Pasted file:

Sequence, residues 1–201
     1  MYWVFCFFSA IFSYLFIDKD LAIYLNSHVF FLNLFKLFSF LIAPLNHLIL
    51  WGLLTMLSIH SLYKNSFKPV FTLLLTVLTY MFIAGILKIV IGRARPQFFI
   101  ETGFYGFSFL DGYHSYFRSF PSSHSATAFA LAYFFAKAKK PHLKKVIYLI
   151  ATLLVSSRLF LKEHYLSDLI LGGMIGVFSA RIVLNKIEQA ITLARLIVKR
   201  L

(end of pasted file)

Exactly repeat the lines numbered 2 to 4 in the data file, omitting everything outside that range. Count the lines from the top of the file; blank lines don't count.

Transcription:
     1  MYWVFCFFSA IFSYLFIDKD LAIYLNSHVF FLNLFKLFSF LIAPLNHLIL
    51  WGLLTMLSIH SLYKNSFKPV FTLLLTVLTY MFIAGILKIV IGRARPQFFI
   101  ETGFYGFSFL DGYHSYFRSF PSSHSATAFA LAYFFAKAKK PHLKKVIYLI